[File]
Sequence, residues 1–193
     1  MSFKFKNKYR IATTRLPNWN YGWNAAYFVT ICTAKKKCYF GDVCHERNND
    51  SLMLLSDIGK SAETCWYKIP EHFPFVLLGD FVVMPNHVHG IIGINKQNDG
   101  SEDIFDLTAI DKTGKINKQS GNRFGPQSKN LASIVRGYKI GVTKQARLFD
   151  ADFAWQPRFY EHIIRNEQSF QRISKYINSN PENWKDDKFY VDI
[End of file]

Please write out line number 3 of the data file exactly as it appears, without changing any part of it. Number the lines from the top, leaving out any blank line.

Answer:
    51  SLMLLSDIGK SAETCWYKIP EHFPFVLLGD FVVMPNHVHG IIGINKQNDG